My colleague Michael Kennedy promotes the creation of what he calls “homegrown videos” for helping explain appropriate behavior to students. They’re a fun way to get across the concepts associated with positive behavioral interventions and supports (PBIS). As Professor Kennedy explains in the caption, this is one of a series; they all use the PBIS language and concepts, but have student-view humor.
Bus Expectations: John Glenn HS from Michael Kennedy on Vimeo.
This video on appropriate behavior on the bus is one video in a series by Jacob Toarmina and his classmates from John Glenn High School in Michigan. This video was submitted by Deanna Strong, also from JGHS.
The others in this series are about classroom expectations, arrival and departure, cafeteria expectations, and hallway expectations. There are series of videos from other schools, as well. As one might suspect, they focus on the usual issues in schools (see situations just listed) and they have the usual themes for PBIS (e.g., respect, responsibility…).
There is even an Annual PBIS Film Festival at the national PBIS convention; schools submit videos they’ve created and people vote on which ones are the best examples in various categories (e.g., funniest, best music, best teaching of expectations, and so forth).
If you want to learn more, visit Professor Kennedy’s PBIS videos site, his Vimeo site where I snagged the movie here, or the section of Vimeo that is dedicated to PBIS videos. Of course, one can jump to the PBIS.org site (it’s over there is the sidebar, available any time).
According to Kenneth Mathews of nola.com, Mandeville High School and other schools in the St. Tammany Parish local education agency in Louisiana (US) are using positive behavior intervention and support (PBIS) procedures to teach students appropriate school behaviors. In an article under the headline “Positive Behavior takes hold at Mandeville, other schools,” that appeard 19 November 2010, Mr. Mathews described multiple situations that might seem out of the ordinary but that were actually examples of students benefitting from their own successes as a part of the PBIS programs employed in their schools.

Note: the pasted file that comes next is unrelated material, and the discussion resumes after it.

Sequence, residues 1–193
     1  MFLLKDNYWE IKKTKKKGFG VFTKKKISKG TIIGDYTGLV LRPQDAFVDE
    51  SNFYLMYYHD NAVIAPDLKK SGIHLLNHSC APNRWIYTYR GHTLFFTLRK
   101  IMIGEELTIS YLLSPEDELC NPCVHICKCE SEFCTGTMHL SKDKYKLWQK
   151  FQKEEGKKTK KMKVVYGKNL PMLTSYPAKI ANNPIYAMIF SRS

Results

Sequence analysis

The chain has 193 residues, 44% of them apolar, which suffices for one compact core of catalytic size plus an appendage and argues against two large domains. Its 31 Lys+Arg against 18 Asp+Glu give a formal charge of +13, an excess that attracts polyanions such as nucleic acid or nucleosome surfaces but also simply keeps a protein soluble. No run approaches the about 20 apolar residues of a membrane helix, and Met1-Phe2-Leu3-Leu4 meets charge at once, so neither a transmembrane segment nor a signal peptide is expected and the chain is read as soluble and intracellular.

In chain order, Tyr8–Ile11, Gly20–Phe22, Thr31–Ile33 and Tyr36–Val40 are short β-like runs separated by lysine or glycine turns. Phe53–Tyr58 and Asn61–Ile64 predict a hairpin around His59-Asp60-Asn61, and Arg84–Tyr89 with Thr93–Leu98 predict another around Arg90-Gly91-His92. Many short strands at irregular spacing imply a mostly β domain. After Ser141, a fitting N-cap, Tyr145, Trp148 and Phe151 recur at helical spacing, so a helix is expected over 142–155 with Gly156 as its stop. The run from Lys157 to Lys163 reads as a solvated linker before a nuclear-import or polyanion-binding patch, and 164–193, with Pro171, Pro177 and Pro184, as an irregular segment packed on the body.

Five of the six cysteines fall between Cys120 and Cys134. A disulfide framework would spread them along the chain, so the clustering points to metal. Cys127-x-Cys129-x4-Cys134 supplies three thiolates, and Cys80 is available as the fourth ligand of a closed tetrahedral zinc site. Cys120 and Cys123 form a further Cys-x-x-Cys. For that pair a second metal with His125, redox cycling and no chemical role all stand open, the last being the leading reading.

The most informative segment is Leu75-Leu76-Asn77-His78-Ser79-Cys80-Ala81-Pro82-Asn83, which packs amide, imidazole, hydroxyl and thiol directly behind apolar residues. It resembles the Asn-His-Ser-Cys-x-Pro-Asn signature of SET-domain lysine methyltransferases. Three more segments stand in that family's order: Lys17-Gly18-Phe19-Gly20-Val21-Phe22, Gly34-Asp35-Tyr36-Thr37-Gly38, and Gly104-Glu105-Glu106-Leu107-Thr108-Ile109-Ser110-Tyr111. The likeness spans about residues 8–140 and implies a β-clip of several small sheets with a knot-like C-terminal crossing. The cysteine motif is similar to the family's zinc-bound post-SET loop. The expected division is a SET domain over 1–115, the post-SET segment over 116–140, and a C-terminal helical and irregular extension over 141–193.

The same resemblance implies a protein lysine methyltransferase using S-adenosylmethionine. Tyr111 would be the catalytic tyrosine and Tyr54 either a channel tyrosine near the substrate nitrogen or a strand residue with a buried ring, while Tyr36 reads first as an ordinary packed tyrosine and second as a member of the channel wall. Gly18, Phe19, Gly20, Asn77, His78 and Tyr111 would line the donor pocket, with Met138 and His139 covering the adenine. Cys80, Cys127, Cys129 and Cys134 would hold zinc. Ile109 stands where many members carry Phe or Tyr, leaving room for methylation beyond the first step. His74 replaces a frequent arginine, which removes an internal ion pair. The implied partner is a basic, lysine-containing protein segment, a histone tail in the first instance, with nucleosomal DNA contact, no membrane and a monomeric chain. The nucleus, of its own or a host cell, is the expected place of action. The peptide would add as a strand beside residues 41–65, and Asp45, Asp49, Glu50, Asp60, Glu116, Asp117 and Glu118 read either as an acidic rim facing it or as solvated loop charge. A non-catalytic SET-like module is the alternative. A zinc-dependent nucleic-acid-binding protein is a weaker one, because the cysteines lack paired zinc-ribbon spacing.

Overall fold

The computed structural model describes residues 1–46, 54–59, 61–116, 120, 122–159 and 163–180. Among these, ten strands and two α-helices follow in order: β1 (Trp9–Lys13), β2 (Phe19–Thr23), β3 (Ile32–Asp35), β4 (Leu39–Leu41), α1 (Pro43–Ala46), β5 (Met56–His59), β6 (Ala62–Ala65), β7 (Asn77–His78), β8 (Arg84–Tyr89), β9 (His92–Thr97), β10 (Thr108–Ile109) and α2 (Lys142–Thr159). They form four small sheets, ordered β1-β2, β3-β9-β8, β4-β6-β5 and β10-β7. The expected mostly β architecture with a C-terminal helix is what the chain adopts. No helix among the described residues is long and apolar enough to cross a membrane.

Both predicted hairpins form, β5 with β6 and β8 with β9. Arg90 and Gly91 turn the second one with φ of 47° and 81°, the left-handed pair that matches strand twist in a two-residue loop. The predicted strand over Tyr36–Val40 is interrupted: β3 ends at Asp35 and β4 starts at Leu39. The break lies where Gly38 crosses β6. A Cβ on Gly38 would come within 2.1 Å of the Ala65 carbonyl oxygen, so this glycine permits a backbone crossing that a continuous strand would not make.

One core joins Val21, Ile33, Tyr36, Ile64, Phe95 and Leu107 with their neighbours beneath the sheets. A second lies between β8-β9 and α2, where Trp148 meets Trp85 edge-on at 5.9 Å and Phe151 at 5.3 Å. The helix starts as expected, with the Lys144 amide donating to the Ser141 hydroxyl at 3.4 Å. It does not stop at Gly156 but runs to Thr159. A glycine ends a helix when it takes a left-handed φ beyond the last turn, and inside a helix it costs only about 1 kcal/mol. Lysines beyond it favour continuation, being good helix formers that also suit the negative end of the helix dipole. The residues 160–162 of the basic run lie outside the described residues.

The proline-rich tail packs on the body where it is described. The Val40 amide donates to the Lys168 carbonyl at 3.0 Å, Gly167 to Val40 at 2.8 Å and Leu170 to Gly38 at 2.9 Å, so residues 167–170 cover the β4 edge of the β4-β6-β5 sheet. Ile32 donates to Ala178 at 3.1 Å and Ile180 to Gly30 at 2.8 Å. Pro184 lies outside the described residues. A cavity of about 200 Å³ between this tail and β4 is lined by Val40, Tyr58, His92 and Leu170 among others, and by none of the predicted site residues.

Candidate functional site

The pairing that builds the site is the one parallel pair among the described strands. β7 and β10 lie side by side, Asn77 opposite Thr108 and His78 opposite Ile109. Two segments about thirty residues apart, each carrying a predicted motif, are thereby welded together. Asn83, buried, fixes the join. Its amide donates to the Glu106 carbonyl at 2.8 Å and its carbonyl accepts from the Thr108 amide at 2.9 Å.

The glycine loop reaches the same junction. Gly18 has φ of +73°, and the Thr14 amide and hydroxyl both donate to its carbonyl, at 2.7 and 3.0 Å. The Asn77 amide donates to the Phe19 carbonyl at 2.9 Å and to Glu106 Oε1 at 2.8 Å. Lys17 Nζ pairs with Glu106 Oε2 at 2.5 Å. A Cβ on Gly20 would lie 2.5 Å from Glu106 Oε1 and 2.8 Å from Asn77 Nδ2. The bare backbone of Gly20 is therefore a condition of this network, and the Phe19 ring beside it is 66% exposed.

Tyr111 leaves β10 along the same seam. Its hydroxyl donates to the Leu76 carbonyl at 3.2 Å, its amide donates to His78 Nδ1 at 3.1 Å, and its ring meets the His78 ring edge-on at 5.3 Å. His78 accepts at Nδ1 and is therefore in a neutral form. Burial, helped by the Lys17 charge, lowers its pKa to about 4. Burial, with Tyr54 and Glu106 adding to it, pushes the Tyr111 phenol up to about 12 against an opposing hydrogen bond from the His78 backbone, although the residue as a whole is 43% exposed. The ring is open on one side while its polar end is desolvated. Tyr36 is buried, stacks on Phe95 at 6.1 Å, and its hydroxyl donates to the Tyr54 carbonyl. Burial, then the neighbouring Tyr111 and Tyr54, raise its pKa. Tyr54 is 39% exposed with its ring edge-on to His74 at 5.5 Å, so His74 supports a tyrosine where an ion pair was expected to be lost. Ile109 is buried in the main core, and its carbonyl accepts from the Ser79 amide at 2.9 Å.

On any given day at Mandeville High School, a ninth-grader might be seen walking confidently to the front of the senior lunch line, cutting in front of the upperclassmen and receiving his lunch first without the slightest complaint from the seniors. The next day, that same ninth-grader might be given a free lunch and the grace to make up a missed homework assignment.
Continue reading ‘Mandeville High teaches good behavior’
Gregory Fabiano and colleagues report about a non-experimental analysis of the effects of a group contingency on children’s behavior in school cafeteria. Pretty interesting. Worthy of systematic study.
Behavior Modification, Vol. 32, No. 1, 121-132 (2008)
© 2008 SAGE Publications
A Group Contingency Program to Improve the Behavior of Elementary School Students in a Cafeteria
Gregory A. Fabiano, William E. Pelham, JR, Karen Karmazin, Joanne Kreher, Carlos J. Panahon, Carl Carlson
Studies of behavior modification interventions for disruptive behavior in schools have generally focused on classroom behavior with less research directed toward child behavior in other school settings (e.g., cafeterias). The present report documents the effect of a group contingency intervention with a random reward component, targeting disruptive cafeteria behavior. An uncontrolled study of the effect of the group contingency program across the school year suggested substantial behavior improvement after the program started. Two natural treatment discontinuations during the same school year provide further support for the intervention. Both sources of information suggest behavioral improvement in rule-following behavior when the program was actively implemented.